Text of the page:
National Trust to give staff ‘Mediterranean hours’ and siestas amid climate change

Posted: August 25, 2021 by oldbrew in Temperature, weather
Tags: ,

Ham House

That increase in average temperatures of around one degree Celsius since the mid-19th century must be really stressful. It’s probably cheaper to offer siestas than to buy and operate suitable ventilation systems.
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The National Trust is giving its workers Mediterranean-style siestas in summer due to climate change making the weather increasingly hot, reports

Staff and volunteers in the south of England will start the day earlier, finish later, and have a long lunch break to avoid the hottest part of the day, as people already do in countries such as Italy and Spain.

A spokesperson for the charity told The Guardian: “It’s fair to say that, as we experience more extreme temperatures, we will be looking to offer Mediterranean working hours, especially in the east which is likely to experience more frequent higher temperatures to ensure the health and safety of our staff and volunteers.”

Staff in Ham House in Richmond, south London, are already offered the new hours when it is hot. The property was forced to close in August 2019 after temperatures reached more than 40C. [Talkshop comment – presumably indoors as the UK outdoor record is below 40C].

Meanwhile, the charity is also planting trees to provide shade and moving its benches into the shade to protect staff and visitors from extreme heat. In some gardens, staff are planting Mediterranean plants, which can survive drier, hotter conditions.

It is also expected that the peak visiting times will shift to later in the year when it is cooler and easier to go on long walks.

Analysis of visitor data over the last five years found that numbers of tourists increase when temperatures hit 24C, but drops at temperatures over 28C.

This is particularly pronounced for indoor activities, including guided walks around stately homes.

Full report here.

  1. ilma630 says:

    It’s fair to say the National Trust management are losing or have lost the plot. I feel sorry for the volunteers who have to put up with this stuff.

  2. Curious George says:

    The National Trust for Places of Historic Interest or Natural Beauty, commonly known as the National Trust, is a charity and membership organisation for heritage conservation in England, Wales and Northern Ireland. In Scotland, there is a separate and independent National Trust for Scotland.

  3. pameladragon says:

    What extreme heat are they experiencing? If it is like that in the UK now, then they don’t need to fly down to the Algarve to get warm!

  4. oldbrew says:

    They may not have much in the way of air con or even simple fans in their mainly old buildings. But that’s not a climate problem, it’s a tech problem.

  5. Gamecock says:

    If National Trust can afford a head of climate and environment, they don’t need any more money.

    Stop giving to them

  6. delta9369 says:

    LOL – Let’s see how that pans out –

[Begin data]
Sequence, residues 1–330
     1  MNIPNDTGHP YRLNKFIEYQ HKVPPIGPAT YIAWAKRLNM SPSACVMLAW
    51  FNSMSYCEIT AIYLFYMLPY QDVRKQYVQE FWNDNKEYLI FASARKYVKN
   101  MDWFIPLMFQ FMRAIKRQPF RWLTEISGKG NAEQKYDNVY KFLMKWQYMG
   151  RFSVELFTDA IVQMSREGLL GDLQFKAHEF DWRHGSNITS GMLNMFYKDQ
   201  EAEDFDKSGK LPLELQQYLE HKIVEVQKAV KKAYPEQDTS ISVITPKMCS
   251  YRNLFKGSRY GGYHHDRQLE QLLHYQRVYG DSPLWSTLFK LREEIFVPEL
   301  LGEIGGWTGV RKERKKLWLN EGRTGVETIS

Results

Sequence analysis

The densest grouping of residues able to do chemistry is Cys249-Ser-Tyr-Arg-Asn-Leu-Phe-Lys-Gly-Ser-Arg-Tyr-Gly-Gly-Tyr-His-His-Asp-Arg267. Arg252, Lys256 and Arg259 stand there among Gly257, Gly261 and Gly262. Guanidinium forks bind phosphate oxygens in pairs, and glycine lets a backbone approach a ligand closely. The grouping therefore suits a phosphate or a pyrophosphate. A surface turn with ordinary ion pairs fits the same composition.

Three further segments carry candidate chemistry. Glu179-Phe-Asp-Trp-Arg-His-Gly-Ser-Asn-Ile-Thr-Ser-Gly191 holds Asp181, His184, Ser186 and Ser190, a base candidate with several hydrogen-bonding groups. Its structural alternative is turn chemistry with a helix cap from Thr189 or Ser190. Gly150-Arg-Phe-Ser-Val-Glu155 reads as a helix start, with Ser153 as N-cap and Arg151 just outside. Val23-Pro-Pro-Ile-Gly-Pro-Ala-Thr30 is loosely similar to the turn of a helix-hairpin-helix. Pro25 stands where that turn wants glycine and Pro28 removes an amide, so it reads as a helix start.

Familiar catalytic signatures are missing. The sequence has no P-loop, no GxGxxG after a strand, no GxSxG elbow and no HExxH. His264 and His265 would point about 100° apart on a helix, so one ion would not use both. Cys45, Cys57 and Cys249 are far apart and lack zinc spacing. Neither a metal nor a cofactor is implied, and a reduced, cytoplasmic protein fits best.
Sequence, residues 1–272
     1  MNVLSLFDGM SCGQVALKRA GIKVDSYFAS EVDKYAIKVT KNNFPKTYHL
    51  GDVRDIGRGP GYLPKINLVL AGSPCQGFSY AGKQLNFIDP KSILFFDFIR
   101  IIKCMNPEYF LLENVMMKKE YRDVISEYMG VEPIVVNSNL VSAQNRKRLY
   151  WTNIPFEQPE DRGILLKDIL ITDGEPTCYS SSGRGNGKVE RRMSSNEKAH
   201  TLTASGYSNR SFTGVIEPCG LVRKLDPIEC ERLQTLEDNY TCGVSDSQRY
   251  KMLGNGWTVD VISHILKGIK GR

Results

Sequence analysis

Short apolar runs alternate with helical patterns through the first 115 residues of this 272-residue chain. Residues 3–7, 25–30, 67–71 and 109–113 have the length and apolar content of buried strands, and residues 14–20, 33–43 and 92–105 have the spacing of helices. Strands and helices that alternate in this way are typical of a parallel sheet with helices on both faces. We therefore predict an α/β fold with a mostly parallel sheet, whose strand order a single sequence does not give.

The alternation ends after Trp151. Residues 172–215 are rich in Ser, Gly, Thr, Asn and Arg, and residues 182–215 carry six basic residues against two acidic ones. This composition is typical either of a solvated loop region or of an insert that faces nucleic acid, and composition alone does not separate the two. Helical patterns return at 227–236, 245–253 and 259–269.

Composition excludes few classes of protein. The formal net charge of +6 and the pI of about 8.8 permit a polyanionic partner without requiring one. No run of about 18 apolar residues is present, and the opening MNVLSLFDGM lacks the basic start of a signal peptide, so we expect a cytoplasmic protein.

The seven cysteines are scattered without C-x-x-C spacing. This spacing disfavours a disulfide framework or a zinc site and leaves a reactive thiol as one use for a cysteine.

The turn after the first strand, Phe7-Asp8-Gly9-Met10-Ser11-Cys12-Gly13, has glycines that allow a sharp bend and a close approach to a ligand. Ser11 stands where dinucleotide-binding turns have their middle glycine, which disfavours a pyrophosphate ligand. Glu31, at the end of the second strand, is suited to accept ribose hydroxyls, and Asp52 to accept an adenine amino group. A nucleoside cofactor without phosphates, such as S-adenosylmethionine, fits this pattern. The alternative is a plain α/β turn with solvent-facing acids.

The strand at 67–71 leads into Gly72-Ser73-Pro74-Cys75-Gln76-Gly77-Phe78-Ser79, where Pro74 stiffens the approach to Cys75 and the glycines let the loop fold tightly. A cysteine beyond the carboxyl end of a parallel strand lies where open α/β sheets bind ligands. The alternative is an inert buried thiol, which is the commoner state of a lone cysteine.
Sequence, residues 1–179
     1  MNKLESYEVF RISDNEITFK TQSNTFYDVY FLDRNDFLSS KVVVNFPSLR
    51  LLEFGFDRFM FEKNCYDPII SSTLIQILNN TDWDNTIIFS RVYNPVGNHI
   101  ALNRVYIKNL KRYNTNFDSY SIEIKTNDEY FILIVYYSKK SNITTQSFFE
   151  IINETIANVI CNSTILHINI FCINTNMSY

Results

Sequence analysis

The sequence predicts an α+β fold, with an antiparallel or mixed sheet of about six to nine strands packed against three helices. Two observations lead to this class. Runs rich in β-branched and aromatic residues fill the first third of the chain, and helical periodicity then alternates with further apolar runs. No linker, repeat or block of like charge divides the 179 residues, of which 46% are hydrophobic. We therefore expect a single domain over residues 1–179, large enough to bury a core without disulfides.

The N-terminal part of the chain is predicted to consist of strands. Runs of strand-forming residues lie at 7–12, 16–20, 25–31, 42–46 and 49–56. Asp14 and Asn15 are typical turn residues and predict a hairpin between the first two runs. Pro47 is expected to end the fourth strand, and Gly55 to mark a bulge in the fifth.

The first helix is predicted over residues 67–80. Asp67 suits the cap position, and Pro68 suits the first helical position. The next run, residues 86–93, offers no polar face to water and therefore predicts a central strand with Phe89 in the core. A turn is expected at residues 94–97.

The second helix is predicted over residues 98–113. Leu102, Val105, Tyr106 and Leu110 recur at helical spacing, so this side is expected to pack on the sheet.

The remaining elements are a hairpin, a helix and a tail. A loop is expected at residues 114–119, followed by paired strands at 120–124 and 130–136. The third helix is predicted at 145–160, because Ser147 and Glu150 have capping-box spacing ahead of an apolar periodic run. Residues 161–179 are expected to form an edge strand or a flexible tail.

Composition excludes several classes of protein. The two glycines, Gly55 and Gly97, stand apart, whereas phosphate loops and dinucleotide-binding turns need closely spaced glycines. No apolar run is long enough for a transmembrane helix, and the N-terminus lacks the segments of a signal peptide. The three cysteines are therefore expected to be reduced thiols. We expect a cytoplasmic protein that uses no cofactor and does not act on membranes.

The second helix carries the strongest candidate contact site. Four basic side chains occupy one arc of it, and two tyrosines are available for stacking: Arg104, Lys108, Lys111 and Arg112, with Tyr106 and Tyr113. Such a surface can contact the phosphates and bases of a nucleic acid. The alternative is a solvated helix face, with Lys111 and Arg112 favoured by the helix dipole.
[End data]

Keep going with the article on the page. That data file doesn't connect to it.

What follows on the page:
7. oldbrew says:

    They will enjoy their siestas when the next Atlantic depression rolls in 🙄

  8. stpaulchuck says:

    OMG! how did they all survive during the Roman Warm Period when they used to grow grapes in far northern England, a feat they still cannot do as a large agricultural crop. Maybe they used to fertilize the grape vines with the bodies of the hundreds of thousands of heat deaths?? Askin’ for a friend.

  9. Chaswarnertoo says:

    The long march through the institutions is paying off for Common Purpose.

  10. Phoenix44 says:

    They appear deeply confused. It might be “hot” for England but that’s not actually very hot. They are confusing relative to an average with absolutes.

    Dim to say the least.

  11. oldbrew says:

    ‘Climate change’ is bringing max. temperatures of about 19-21C to London in the next 10 days, according to two forecasting sites. No siesta required.
    – – –
    Meanwhile in Scotland…
    Cairngorm funicular: Delays hit reopening plans
    Published 3 hours ago

    HIE had hoped the funicular would be available early next year, but it said Covid, a shortage of materials and blizzards had caused delays.

    It said the planned timescale had now been pushed to the second half of 2022.

    Repairs to the railway near Aviemore started in April this year. [bold added]

  12. RexAlan says:

    Central England Temperature Record

    Highest Maximum Average Yearly Temperature 10.95C(51.71F) 2014

    Highest Minimum Average Yearly Temperature 7.19C (44.94F} 2006

    And they are talking about siestas, they have to be kidding surely.

  13. Zaden Zane says:

    Siestas? I heard they’re going out of fashion in places like Spain and Greece that really do get hot afternoons.

  14. oldbrew says:

    ‘Dismal August’

    The Met Office says: ‘So far, the highest temperature recorded this month was at Tyndrum, Scotland with 27.2°C.

    ‘Only two times in the last ten years has 30°C not been reached in August in the UK and on every occasion in the last 20 years the highest temperature for August was reported in England.’
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    Not siesta weather.